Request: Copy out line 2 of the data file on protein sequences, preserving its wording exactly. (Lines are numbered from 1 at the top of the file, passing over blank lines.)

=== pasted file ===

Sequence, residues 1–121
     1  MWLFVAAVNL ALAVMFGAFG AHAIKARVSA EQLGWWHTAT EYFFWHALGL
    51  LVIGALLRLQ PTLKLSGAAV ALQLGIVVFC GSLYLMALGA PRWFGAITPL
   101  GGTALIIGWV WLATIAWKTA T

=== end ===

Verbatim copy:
     1  MWLFVAAVNL ALAVMFGAFG AHAIKARVSA EQLGWWHTAT EYFFWHALGL